The soprano courageously challenged the Church.
Saying “I could never look myself in the mirror again with self respect”, a soprano singer with the Mormon Tabernacle Choir resigned rather than sing at Donald Trump’s inauguration. Her letter, later posted on Facebook, is a powerful condemnation of both the upcoming presidency and anyone — including the Choir — that supports it.
Jan Chamberlin has been with the Choir for five years. Her love for both it and her religion are obvious. She wrote:
I’ve tried to tell myself that by not going to the inauguration, that I would be able to stay in Choir for all the other good reasons.
I have highly valued the mission of the Choir to be good- will ambassadors for Christ, to share beautiful music and to give hope, inspiration, and comfort to others.
But in the end, the soprano could convince neither herself nor anyone else. She came to the conclusion that the Choir’s acceptance of the invitation to perform was not only a betrayal that she personally felt, but a betrayal of anyone who believes in the Mormon religion. In her words:
I also know, looking from the outside in, it will appear that Choir is endorsing tyranny and facism by singing for this man.
And Choir’s wonderful image and networking will be severely damaged and that many good people throughout this land and throughout the world already do and will continue to feel betrayed. I believe hereafter our message will not be believed by many that have loved us and adored what we have stood for.
I know that I too feel betrayed.
Chamberlin had harsh words for the man she sees as a tyrant, expounding on the beliefs and fears that brought the soprano to her decision:
Tyranny is now on our doorstep; it has been sneaking its way into our lives through stealth. Now it will burst into our homes through storm.I hope that we and many others will work together with greater dilligence and awareness to calmly and bravely work together to defend our freedoms and our rights for our families, our friends, and our fellow citizens.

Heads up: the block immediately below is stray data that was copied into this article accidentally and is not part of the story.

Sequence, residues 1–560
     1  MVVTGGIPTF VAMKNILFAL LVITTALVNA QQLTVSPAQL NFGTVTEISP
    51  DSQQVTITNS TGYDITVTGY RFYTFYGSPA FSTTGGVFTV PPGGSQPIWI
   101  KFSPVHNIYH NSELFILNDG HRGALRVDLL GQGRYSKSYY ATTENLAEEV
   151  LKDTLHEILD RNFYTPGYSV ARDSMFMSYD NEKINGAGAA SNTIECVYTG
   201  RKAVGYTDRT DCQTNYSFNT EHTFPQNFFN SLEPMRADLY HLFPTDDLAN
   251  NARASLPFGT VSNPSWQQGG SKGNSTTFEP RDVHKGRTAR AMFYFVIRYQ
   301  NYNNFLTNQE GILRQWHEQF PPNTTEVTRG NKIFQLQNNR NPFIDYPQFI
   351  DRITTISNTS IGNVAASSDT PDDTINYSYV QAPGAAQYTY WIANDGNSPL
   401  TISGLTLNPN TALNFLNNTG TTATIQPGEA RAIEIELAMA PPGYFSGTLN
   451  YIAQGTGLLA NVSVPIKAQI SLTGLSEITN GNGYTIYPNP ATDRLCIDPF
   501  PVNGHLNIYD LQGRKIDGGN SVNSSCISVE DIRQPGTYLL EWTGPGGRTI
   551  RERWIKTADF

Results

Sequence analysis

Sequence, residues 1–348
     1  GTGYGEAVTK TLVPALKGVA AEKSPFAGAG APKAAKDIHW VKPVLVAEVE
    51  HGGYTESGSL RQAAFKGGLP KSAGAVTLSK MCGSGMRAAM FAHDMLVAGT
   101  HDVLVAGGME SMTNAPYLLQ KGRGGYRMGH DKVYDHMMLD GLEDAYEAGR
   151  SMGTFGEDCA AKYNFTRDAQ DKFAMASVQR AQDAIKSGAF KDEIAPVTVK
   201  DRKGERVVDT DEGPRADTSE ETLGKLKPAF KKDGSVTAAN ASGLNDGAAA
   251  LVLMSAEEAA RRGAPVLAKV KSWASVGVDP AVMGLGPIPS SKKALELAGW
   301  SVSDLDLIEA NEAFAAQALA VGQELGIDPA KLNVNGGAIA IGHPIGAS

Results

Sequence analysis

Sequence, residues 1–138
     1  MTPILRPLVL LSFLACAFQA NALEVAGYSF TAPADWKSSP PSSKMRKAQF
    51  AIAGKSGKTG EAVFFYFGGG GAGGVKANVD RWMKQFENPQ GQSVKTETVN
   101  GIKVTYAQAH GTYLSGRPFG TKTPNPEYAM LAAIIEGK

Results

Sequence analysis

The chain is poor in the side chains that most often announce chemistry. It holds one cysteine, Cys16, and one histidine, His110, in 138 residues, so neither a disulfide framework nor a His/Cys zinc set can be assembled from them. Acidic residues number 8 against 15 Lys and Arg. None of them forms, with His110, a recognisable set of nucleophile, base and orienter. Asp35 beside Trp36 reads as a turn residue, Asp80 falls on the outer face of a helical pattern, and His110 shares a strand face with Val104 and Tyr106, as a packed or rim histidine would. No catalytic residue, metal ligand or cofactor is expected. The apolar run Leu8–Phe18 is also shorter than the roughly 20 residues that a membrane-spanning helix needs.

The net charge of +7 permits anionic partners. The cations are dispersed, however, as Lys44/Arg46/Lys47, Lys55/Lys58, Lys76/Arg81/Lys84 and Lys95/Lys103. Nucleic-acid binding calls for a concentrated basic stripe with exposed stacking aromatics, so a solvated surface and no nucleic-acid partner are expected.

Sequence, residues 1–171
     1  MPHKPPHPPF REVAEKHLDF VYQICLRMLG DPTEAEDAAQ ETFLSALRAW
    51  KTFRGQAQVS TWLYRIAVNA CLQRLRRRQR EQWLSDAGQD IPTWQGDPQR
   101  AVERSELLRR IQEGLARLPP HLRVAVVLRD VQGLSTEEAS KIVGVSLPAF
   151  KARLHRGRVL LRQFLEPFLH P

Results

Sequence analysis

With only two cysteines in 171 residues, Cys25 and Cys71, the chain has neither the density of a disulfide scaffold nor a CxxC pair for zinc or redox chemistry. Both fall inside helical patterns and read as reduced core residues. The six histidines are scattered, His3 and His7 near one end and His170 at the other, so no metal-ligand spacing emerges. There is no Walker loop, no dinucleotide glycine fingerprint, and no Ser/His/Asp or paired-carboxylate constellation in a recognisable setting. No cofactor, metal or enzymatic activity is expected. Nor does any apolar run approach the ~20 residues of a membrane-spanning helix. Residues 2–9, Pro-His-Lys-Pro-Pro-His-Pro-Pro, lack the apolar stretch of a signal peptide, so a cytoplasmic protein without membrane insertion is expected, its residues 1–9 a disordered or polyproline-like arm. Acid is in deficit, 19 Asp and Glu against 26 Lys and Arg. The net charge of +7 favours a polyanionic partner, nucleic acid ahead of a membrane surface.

To make her point, Chamberlin compared Trump to the Wizard in the Broadway hit ‘Wicked’. The Wizard said that he creates conflict “to stay in power”. The soprano wrote:
This scenario can keep us perpetually distracted and at odds with each other and keep us from working together to solve important issues. This also allows those in office to do whatever they want to unchecked. I believe this has been done to us, both cunningly and intentionally.
For her, this is a deeply moral issue. It would have to be. An immense amount of courage is necessary to publicly challenge a decision of the Mormon Church. Church officials refused to comment on how many others have chosen to drop out of the performance, only saying, through spokesman Eric Hawkins:
Participation in the choir, including the performance at the Inauguration, is voluntary. Only a limited number of choir members are participating.
The Choir reportedly has 360 singers. A lottery will choose about 215 to participate, from a pool of volunteers who submit their names.
The Church has experienced a backlash. About 19,000 Mormons from around the globe have signed a petition that says the performance “does not reflect the values of Mormonism and does not represent its diverse 15-plus million members worldwide.” Those are some of the “betrayed” to whom the soprano singer referred, but not all of them. The decision to participate has split Mormons, many of whom ignored their consciences to cast their votes for the Republican candidate.
Jan Chamberlin ultimately felt like she had no choice, though she agonized over the decision. She compared Trump to Hitler with these words:
History is repeating itself; the same tactics are being used by Hitler (identify a problem, finding a scapegoat target to blame, and stirring up people with a combination of fanaticism, false promises, and fear, and gathering the funding).
And she summed up her motivation to resign as a soprano singer with the Choir with this:
I only know I could never ‘throw roses to Hitler.’ And I certainly could never sing for him.
The rest of us might never know how many others are persuaded by Jan Chamberlin’s powerful words, but we certainly can appreciate the courage it took for her to speak out so clearly about the danger she sees ahead.